"Play nice!"

Parents have been admonishing their children with this omage to civil obedience since the days of Cain and Abel. [Would that they had listened!]

Get along. Be respectful. At work. At play. In the home.

If it seems that civility, from the street corner to the world stage, has not been a presence since the Small World Pavilion opened at the 1965 World's Fair, you are not alone in such thought.

Indeed, Rutgers University, the flagship of the New Jersey State University system, recognizing this lack of "niceness" (and, perhaps, hoping to capitalize on it), has launched "Project Civility, a two-year initiative to engage the New Brunswick campus in a series of activities and discussions that aim to cultivate an environment of courtesy and compassion through thoughtful communication and interaction."

Yes, civil discourse, on and off campus, as an engagement of both diplomacy and humanity.

No, not just basic manners, as in no elbows on the table, but, as Barry Qualls, vice president of Undergraduate Education, whose office is co-sponsoring the project with the Office of the Dean of Student, opines, "It is about the ways we relate as individuals, as social groups, as nations. It is about the ways different people and countries define what constitutes a civil society – a place where we live without fear and with ease of interaction."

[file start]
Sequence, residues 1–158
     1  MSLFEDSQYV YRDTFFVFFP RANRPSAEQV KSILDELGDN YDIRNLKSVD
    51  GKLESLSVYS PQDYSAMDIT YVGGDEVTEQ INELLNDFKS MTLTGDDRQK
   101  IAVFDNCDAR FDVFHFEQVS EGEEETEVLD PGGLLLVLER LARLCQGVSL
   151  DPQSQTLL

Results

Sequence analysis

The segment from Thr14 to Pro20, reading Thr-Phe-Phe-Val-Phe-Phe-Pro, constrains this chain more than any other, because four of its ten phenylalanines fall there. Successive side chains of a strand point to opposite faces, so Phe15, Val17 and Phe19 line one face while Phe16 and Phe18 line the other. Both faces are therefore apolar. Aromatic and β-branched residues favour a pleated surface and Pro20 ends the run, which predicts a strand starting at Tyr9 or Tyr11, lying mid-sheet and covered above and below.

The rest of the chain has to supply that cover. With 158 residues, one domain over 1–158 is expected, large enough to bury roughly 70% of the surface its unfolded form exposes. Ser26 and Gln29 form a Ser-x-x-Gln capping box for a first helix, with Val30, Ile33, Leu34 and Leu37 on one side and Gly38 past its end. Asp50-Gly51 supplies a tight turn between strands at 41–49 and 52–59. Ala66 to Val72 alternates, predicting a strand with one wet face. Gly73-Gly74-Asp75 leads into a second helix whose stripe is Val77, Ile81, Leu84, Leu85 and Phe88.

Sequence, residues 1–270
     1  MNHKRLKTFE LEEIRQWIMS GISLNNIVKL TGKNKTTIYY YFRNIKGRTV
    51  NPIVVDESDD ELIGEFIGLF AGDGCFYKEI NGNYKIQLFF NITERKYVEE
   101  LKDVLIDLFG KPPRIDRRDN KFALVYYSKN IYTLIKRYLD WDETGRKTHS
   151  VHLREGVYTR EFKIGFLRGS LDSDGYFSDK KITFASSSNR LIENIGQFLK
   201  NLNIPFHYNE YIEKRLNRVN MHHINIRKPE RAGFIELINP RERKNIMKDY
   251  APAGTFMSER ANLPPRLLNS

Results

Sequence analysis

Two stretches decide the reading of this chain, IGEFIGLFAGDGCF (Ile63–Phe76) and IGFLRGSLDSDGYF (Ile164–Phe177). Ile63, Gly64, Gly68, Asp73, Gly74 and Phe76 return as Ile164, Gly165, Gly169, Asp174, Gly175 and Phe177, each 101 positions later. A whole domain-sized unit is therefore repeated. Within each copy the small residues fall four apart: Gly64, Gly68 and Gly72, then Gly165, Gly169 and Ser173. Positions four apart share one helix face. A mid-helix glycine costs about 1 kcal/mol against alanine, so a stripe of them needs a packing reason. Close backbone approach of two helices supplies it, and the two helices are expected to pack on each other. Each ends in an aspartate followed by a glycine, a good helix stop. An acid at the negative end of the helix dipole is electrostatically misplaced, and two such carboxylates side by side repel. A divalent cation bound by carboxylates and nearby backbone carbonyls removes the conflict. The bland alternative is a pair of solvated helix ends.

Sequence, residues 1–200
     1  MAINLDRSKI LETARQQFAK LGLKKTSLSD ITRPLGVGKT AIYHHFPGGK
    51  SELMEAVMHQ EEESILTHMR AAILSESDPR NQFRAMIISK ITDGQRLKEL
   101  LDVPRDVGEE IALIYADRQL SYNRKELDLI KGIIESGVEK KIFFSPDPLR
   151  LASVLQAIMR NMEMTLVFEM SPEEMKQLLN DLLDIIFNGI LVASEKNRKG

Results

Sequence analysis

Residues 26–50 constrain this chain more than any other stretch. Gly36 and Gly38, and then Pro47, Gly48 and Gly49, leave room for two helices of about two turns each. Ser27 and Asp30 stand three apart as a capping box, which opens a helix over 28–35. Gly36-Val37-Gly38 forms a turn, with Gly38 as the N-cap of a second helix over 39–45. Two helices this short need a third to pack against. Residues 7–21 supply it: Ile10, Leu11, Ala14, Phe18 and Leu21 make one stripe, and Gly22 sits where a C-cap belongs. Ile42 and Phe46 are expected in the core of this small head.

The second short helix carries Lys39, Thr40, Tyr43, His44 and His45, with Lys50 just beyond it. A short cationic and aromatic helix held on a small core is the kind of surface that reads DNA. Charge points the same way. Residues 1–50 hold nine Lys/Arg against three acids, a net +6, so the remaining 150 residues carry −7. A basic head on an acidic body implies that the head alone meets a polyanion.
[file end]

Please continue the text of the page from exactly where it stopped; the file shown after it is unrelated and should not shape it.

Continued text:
No one could disagree (at least with a straight face) that more civility is needed in today's "me first," "everyone else be damned" world, and not only among nations.

Could it be that civility, like laughter, is contagious? That it will spread from New Brunswick clear down Interstate 95 to, say, the nation's capital? Or half way around the globe, impacting upon some fanatic warlord in Afghanistan?

We wouldn't hold out for miracles, a thousand Project Civilities notwithstanding.

Then again, random acts of kindness have been known to spontaneously spring from the well, being gratuitously paid forward, even by strangers.

Maybe a world where civility is the norm is beyond the realm of imagination, whether on Planet Earth, as a whole, or provincially, in the very heart of the Garden State. Still, we could hope. And if civility should bathe the campus with the warm glow of understanding and compassion, might that the underlying dialogue spawning such niceties migrates well beyond the ivy-covered gates.

Who knows? The Rutgers project might even bring some civility, or at least an aura of sanity, to the college application and admissions process. We're not holding our collective breath on that one. . .
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By the way, there may even be some money in being civil. Project Civility will also feature an essay contest with three cash prizes totaling $1,500 funded by The New York Times and offices of Undergraduate Education and Dean of Students. Contest details will be announced at the inaugural event on Sept. 29.

The views and opinions expressed in this blog are solely those of The College Whisperer and his guest bloggers.
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